CRISPR-mediated phage resistance and the ghost of coevolution past

Research output: Contribution to journalLiterature reviewpeer-review

Abstract

Bacteria can acquire heritable immunity to viral (phage) enemies by incorporating phage DNA into their own genome. This mechanism of anti-viral defence, known by the acronym CRISPR, simultaneously stores detailed information about current and past enemies and the evolved resistance to them. As a high-resolution genetic marker that is intimately tied with the host-pathogen interaction, the CRISPR system offers a unique, and relatively untapped, opportunity to study epidemiological and coevolutionary dynamics in microbial communities that were previously neglected because they could not be cultured in the laboratory. We briefly review the molecular mechanisms of CRISPR-mediated host-pathogen resistance, before assessing their potential importance for coevolution in nature, and their utility as a means of studying coevolutionary dynamics through metagenomics and laboratory experimentation.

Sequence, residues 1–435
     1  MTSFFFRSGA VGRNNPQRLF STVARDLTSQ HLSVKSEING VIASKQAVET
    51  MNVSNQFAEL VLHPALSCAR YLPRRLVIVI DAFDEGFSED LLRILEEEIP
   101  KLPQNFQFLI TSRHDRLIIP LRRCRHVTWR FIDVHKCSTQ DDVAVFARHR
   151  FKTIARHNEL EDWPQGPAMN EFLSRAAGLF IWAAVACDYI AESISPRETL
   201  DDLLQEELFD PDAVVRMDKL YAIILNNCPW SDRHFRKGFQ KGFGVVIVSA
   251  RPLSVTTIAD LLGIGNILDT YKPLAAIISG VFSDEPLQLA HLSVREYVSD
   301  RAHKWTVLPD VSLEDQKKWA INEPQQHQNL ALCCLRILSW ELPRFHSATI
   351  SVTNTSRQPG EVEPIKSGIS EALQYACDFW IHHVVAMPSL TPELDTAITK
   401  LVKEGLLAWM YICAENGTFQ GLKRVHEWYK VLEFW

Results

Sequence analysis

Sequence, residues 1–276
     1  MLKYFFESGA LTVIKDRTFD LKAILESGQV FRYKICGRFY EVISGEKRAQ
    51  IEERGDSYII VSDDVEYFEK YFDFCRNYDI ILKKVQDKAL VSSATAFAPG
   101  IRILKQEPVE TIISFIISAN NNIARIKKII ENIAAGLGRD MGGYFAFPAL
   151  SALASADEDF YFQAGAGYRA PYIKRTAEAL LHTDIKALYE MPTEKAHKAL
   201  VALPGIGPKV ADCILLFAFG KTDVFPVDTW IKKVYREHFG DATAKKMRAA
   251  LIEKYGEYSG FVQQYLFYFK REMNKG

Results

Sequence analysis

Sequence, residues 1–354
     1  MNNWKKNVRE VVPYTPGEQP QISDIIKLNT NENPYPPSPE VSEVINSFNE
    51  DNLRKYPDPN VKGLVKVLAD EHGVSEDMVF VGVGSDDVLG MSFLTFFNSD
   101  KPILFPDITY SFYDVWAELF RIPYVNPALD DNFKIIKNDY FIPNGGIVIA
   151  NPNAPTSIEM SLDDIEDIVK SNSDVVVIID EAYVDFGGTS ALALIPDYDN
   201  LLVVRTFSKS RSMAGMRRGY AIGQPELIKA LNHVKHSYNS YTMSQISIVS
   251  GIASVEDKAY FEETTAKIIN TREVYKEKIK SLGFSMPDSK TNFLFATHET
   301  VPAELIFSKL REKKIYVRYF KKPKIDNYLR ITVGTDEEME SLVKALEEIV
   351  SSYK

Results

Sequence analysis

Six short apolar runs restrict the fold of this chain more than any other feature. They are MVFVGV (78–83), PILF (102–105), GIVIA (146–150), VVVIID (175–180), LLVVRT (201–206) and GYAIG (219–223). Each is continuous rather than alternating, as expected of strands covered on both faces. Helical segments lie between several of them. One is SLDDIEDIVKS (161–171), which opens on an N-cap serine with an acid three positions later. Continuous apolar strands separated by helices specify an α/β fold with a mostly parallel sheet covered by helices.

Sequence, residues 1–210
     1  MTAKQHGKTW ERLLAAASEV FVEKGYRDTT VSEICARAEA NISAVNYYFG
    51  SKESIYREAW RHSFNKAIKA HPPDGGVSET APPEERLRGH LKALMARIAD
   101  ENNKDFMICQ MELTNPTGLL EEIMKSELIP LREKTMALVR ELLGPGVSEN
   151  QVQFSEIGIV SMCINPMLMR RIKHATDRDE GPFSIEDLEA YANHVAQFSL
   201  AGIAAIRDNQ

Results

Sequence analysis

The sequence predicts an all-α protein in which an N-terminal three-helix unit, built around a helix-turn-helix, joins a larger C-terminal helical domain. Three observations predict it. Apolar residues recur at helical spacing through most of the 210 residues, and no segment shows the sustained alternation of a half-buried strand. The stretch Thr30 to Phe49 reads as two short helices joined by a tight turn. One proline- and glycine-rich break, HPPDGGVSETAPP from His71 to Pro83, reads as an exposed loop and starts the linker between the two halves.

Original languageEnglish
Pages (from-to)2097-2103
Number of pages7
JournalProceedings of the Royal Society B-Biological Sciences
Volume277
Issue number1691
DOIs
Publication statusPublished - 22 Jul 2010

Keywords

  • bacteria
  • phage
  • coevolution
  • evolution
  • epidemiology
  • resistance
  • PROVIDES ACQUIRED-RESISTANCE
  • STANDING GENETIC-VARIATION
  • HOST-PARASITE INTERACTIONS
  • SHORT PALINDROMIC REPEATS
  • LOCAL ADAPTATION
  • CLONAL INTERFERENCE
  • NATURAL-SELECTION
  • ESCHERICHIA-COLI
  • VIRUS-RESISTANCE
  • IMMUNE-SYSTEM

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